The physician's admission evaluation should include a detailed history, with emphasis not only on recent and chronic medical conditions but also on past and present functional status, medications, immunizations, sensory impairments, pain, symptoms of depression, social support, and presence of an advance directive. The admission physical examination should be complete, with a focus on the conditions leading to nursing home admission. The examination should include, in particular, assessment of functional abilities (ADLs, IADLs), cognitive status, affect, ability to make health care decisions, condition of the skin and feet, vision and hearing deficits, orthostatic hypotension, and nutritional status. A problem list should be generated with individualized goals of care, and a medical care plan should be developed in concert with the interdisciplinary team, the resident, and the resident's family.

Medicare-Mandated Physician Visits

Medicare regulations require that the physician make monthly visits for the first 90 days of a resident's nursing home stay and then every 60 days thereafter. Depending on the state, Medicaid regulations may require more frequent, usually monthly, visits. Medicare has clearly articulated that all medically necessary visits to nursing home residents will be reimbursed. Thus, if a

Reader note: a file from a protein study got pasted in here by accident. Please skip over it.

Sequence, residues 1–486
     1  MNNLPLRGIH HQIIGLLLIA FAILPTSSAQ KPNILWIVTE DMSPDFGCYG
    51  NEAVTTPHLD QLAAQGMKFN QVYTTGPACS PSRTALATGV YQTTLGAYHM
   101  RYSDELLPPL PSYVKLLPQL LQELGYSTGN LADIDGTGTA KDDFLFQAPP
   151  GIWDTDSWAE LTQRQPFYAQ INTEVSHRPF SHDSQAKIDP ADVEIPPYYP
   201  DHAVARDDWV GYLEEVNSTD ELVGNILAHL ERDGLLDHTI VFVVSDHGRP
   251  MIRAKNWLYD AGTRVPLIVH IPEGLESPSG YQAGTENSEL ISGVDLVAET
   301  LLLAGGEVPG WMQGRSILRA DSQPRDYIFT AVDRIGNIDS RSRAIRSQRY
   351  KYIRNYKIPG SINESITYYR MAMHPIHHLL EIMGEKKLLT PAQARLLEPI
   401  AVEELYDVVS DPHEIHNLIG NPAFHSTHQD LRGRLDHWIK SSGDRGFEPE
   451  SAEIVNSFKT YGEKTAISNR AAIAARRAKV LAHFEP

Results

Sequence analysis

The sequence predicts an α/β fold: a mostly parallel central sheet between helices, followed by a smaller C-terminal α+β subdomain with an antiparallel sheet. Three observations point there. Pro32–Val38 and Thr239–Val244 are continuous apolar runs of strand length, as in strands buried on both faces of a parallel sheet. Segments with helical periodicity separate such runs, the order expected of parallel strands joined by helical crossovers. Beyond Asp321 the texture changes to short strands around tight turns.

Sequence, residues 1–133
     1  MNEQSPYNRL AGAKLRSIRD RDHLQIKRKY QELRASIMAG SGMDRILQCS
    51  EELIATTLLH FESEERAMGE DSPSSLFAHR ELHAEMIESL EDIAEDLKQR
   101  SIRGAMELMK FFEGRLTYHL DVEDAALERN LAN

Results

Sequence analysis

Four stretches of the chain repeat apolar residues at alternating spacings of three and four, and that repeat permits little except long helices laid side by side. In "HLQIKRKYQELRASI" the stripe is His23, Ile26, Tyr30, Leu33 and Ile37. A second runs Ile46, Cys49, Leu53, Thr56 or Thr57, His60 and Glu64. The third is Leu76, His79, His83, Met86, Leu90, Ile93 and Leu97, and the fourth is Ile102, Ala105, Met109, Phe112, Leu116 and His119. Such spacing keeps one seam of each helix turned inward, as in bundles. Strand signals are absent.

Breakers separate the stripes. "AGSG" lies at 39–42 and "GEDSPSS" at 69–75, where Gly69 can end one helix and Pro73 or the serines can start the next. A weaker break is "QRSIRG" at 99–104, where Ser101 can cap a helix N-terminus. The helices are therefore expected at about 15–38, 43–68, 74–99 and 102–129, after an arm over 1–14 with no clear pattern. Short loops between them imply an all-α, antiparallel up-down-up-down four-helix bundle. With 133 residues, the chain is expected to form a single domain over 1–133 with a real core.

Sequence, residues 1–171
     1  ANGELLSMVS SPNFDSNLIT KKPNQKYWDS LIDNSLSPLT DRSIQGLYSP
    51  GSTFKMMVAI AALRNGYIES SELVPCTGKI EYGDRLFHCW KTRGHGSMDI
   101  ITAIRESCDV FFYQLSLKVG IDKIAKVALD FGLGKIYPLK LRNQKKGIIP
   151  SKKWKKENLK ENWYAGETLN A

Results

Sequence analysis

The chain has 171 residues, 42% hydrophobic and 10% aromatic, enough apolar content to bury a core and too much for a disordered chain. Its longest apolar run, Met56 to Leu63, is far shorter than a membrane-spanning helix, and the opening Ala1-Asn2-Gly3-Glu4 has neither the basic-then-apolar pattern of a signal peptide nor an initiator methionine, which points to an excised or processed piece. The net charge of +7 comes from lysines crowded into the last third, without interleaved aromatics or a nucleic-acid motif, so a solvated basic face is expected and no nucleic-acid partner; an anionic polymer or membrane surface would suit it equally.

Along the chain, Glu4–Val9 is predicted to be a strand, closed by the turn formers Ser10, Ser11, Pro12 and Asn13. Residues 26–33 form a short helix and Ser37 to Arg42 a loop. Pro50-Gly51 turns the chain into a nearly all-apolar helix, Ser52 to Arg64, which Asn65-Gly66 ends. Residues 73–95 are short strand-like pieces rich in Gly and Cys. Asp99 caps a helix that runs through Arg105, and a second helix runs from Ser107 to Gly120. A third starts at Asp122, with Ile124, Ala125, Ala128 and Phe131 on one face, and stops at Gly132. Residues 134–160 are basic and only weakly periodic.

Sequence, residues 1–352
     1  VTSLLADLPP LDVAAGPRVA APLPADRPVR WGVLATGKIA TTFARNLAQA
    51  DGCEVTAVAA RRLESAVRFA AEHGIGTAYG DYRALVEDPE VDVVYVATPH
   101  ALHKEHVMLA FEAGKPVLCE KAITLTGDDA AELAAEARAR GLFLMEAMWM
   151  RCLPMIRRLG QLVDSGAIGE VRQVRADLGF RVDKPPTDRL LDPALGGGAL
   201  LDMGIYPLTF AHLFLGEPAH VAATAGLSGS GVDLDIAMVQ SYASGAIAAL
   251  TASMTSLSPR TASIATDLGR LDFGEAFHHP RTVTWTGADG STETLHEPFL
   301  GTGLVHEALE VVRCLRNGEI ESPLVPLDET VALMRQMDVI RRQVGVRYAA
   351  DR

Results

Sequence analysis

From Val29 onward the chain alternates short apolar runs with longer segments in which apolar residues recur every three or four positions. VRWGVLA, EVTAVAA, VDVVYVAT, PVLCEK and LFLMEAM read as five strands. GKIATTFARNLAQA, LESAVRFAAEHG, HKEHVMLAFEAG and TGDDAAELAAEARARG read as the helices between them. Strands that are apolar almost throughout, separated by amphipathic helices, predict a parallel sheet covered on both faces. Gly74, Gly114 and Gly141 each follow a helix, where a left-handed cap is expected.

resident requires daily or weekly visits, appropriate documentation by the physician of the medical need for the visit should be sufficient to ensure reimbursement.

Interim visits to the postacute nursing home resident can focus on the most acute problems and monitor progress toward discharge. In the long-term resident, interim visits could focus on a particular issue (eg, discussion of an advance directive or management of a particular chronic problem). Each visit should include a discussion with the nursing staff and review of interdisciplinary notes, laboratory studies, and consultation reports as well as a review of any new problems, progress of chronic problems, and responses to any previously initiated treatments. This should include, in particular, assessment of response to pain medication, psychoactive medications of any kind, and any medication changes. During the interim visits, relevant physical examinations should be done and appropriate health maintenance and screening activities addressed, such as vaccines and cancer screening, as appropriate for the resident.